A lot of churches don’t seem to take Baptism seriously. They baptize with no questions asked. I have seen churches re-baptize those who are already validly baptized “in the name of the Father, Son and Holy Spirit”.
– That additional baptism is playing around with water. Baptism should be seen as entry into the Kingdom of God, an act that confers graces by obedience. The power of baptism comes from the name of the Trinity and the grace of God, not the amount of water used or the number of times it’s done. It is entering into the Christian faith and should be treated as a promise to God and to the faith. Many see this as an empty “symbol”
Here is what your standard, secular source (www.wikipedia.com) will say about baptism:
“In Christianity, baptism (a word derived from Greek baptizo: “immersing”, “performing ablutions”) is the ritual act, with the use of water, by which one is admitted as a full member of the Christian Church and, in the view of some, as a member of the particular Church in which the baptism is administered. The most usual form of baptism among Early Christians was for the candidate to stand in water and water to be poured over the upper body. Baptism has traditionally been seen by many as necessary for salvation.”
The article continues:
Baptism makes the person share in the Trinitarian life of God through “sanctifying grace,” the grace of justification that incorporates the person into the body of Christ and his Church), also making the person a sharer in the priesthood of Christ. It imparts the “theological” virtues (faith, hope, and charity) and the gifts of the Holy Spirit, and marks the baptized person with a spiritual seal or character that indicates permanent belonging to Christ. Baptism is the foundation of communion between all Christians.”
Even those who aren’t Christian at all realize the history of how Christians have viewed baptism and how they have held it to be a most-sacred sacrament.
“Jesus answered, Verily, verily, I say unto thee, Except a man be born of water and of the Spirit, he cannot enter into the kingdom of God. “ – John 3:5
This also matches the wording of Jesus when stating another point central to Early Christianity: “Verily, verily, I say unto you, Except ye eat the flesh of the Son of man, and drink his blood, ye have no life in you.” – John 6: 53.
The Apostles baptized and broke bread…and they took it very seriously. They believed that the act of consuming communion gave them life! What does this have to do with anything? Jesus states that baptism and communion are central to the faith. They are incorporating the faithful into His life. When Jesus’s side was pierced, blood and water poured out. These things are the life of Christ. – And the apostles knew it.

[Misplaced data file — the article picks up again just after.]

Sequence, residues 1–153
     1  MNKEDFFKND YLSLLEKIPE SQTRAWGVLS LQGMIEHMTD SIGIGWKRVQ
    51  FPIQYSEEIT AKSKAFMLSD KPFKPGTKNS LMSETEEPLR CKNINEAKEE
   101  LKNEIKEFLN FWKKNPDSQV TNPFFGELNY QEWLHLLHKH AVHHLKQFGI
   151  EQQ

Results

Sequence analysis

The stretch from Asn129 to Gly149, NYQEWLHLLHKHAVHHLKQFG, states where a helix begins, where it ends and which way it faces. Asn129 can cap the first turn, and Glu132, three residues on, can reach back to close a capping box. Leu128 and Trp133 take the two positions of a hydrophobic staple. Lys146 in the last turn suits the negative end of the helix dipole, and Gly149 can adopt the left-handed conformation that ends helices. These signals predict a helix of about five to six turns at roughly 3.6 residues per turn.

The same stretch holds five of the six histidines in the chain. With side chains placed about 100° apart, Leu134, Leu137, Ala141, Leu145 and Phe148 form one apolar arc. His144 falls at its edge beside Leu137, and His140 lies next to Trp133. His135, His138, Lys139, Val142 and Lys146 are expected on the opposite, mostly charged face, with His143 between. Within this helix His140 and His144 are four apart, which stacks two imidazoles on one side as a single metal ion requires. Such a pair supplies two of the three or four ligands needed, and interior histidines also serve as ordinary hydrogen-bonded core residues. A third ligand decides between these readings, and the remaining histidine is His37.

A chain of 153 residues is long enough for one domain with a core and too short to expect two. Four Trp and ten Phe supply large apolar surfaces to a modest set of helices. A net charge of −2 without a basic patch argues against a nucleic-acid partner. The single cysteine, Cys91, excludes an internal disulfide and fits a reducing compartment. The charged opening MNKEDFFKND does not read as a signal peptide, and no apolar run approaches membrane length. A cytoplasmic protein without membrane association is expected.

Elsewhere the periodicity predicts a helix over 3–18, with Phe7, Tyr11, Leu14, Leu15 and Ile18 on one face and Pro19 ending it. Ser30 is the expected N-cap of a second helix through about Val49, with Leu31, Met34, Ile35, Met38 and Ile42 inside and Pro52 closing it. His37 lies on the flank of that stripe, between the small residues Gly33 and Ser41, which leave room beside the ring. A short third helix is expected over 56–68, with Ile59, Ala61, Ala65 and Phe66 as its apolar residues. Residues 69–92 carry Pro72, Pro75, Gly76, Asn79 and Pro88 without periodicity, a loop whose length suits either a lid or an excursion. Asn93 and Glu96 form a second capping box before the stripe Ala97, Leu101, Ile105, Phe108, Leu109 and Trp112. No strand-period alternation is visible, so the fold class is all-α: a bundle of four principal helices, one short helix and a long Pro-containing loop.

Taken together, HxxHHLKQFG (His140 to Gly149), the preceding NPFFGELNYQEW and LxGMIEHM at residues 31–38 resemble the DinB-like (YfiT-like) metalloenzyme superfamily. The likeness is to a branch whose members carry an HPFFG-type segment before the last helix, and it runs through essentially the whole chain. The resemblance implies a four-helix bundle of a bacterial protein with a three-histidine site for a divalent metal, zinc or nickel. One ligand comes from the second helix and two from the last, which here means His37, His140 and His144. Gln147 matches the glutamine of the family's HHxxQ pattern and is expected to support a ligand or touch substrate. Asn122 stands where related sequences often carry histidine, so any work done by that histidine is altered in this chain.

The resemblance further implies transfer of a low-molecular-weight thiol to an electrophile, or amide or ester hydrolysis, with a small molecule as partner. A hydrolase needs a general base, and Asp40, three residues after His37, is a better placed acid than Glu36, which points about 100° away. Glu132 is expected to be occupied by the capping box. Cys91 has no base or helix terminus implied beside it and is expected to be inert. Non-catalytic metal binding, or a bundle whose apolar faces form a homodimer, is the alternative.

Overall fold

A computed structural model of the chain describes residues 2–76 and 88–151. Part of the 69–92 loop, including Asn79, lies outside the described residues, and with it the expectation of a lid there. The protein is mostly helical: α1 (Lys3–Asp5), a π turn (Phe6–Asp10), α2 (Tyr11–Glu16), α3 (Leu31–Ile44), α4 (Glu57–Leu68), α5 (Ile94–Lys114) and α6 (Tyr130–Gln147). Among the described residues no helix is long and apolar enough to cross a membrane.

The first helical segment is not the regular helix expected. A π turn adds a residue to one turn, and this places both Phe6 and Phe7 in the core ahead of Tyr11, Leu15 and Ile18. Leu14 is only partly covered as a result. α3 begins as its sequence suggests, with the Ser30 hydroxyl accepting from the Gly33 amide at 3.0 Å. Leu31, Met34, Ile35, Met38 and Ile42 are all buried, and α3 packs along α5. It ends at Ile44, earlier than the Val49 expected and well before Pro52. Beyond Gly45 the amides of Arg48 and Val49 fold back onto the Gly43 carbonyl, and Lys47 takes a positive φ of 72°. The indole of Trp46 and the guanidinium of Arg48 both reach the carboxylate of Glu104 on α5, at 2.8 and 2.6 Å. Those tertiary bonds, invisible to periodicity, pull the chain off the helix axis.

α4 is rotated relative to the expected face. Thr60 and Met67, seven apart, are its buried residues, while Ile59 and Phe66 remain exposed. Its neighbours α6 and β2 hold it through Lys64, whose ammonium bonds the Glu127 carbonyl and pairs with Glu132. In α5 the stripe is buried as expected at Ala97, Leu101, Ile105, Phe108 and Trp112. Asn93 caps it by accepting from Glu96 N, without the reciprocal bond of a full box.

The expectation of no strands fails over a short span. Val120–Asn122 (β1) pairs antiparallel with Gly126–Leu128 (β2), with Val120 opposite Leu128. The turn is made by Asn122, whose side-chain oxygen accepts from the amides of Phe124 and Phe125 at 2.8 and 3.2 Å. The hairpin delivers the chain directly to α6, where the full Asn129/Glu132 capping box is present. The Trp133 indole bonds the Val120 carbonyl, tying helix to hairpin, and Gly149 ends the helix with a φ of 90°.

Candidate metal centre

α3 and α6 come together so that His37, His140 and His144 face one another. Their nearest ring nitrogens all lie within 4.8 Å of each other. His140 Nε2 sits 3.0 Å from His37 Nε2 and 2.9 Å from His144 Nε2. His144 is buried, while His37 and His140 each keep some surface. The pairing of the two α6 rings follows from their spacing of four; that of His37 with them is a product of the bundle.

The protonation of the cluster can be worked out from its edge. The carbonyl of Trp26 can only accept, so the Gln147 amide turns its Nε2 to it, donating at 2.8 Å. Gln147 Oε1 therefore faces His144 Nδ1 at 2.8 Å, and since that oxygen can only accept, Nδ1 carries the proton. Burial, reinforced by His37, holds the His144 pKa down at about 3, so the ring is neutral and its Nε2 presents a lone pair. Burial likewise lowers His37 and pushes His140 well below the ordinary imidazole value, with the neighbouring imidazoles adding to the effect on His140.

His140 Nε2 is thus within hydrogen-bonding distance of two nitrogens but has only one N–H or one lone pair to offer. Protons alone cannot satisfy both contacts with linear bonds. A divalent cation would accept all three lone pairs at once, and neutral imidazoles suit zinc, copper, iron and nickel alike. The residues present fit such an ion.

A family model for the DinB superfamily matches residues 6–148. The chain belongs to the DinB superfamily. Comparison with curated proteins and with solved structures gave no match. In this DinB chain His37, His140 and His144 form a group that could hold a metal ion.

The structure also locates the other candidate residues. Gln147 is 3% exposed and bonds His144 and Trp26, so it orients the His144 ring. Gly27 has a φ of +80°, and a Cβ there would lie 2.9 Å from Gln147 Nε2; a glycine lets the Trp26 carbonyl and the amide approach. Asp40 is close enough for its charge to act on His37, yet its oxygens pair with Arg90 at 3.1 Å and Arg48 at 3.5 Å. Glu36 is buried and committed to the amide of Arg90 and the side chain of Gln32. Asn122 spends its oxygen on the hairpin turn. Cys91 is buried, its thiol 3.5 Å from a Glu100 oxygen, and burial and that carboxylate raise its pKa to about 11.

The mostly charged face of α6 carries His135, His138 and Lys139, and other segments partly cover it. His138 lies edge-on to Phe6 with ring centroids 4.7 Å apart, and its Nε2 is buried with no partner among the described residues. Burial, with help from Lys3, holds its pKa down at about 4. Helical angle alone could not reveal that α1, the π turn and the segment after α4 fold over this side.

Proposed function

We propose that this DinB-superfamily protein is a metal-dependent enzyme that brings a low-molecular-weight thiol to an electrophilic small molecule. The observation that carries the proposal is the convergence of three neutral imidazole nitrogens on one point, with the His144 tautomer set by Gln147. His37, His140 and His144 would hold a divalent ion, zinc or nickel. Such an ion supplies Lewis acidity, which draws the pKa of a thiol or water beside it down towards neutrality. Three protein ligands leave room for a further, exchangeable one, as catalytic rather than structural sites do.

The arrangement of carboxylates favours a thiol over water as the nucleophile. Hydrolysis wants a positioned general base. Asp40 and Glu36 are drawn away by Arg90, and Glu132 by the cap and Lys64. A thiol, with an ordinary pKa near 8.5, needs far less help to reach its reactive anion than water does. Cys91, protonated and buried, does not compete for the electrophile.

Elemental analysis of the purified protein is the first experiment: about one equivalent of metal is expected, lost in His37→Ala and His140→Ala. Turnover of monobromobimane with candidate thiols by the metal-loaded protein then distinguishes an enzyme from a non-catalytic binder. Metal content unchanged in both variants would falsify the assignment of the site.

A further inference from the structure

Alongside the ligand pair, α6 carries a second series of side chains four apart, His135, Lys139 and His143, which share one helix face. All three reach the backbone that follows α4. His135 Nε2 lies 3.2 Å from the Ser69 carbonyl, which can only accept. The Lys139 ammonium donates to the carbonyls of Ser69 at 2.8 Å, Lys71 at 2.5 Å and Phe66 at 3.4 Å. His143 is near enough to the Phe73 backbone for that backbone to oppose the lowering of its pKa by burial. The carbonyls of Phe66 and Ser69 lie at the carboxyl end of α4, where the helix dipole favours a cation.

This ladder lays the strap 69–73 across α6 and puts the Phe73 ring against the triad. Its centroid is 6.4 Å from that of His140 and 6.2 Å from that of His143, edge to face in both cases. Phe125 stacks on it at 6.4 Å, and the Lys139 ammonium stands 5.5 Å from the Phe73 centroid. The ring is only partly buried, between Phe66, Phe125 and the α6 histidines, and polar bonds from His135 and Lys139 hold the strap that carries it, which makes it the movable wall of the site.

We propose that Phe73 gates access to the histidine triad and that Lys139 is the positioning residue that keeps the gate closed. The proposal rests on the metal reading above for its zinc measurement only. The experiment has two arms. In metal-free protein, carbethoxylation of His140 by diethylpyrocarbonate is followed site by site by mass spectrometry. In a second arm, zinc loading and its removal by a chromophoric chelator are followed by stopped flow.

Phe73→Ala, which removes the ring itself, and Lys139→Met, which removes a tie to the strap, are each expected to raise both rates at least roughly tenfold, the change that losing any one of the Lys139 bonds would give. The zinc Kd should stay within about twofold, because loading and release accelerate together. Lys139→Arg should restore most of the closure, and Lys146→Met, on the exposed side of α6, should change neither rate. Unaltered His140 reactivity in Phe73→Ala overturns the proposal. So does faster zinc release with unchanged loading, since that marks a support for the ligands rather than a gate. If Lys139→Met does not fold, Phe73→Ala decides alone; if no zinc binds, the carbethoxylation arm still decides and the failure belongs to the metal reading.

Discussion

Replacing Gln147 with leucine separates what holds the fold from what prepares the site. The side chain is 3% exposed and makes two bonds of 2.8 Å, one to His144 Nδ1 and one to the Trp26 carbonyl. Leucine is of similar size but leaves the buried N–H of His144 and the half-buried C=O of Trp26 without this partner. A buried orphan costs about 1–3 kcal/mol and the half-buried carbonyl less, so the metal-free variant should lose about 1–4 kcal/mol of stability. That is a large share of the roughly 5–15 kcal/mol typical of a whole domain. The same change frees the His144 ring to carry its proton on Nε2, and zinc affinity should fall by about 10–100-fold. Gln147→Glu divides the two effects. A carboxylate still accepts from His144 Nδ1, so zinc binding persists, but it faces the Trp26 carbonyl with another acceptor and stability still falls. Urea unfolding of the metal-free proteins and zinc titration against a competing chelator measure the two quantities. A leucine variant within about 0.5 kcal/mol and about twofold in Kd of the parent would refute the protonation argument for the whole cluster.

“Who is he that overcometh the world, but he that believeth that Jesus is the Son of
God? This is he that came by water and blood, even Jesus Christ; not by water only, but by
water and blood. And it is the Spirit that beareth witness, because the Spirit is truth.
For there are three that bear record in heaven, the Father, the Word, and the Holy
Ghost: and these three are one. And there are three that bear witness in earth, the Spirit, and the water, and the blood: and these three agree in one.” – 1 John 5:5-8
Baptism and Communion in particular is what made Christians distinguishable from many of the early pagan sects. Sure these pagan sects had ceremonies similar to Christian baptism and communion but it was precisely the action of Christ that distinguished them. These previous things were just symbols and ceremonies, for the Christian, these are sacraments, actual manifestation’s of Christ’s promises!
Baptism is mentioned in the ancient Apostle’s Creed as a definition of faith “We believe in one baptism” (“There is one body, and one Spirit, even as ye are called in one hope of your calling; One Lord, one faith, one baptism.” -Ephesians 4:4-5 ). The creed and Paul’s letter to the Ephesians both state one baptism. It is one baptism that gives us re-birth in Christ, not two or three or four. One baptism is all that;s needed!
I think that in order for churches to be more unified and strong, they need to stop reducing Christ’s sacraments to symbols. These were teachings held dearly by the Apostles, given by Christ. They need to partake in the blood and water…and be nourished.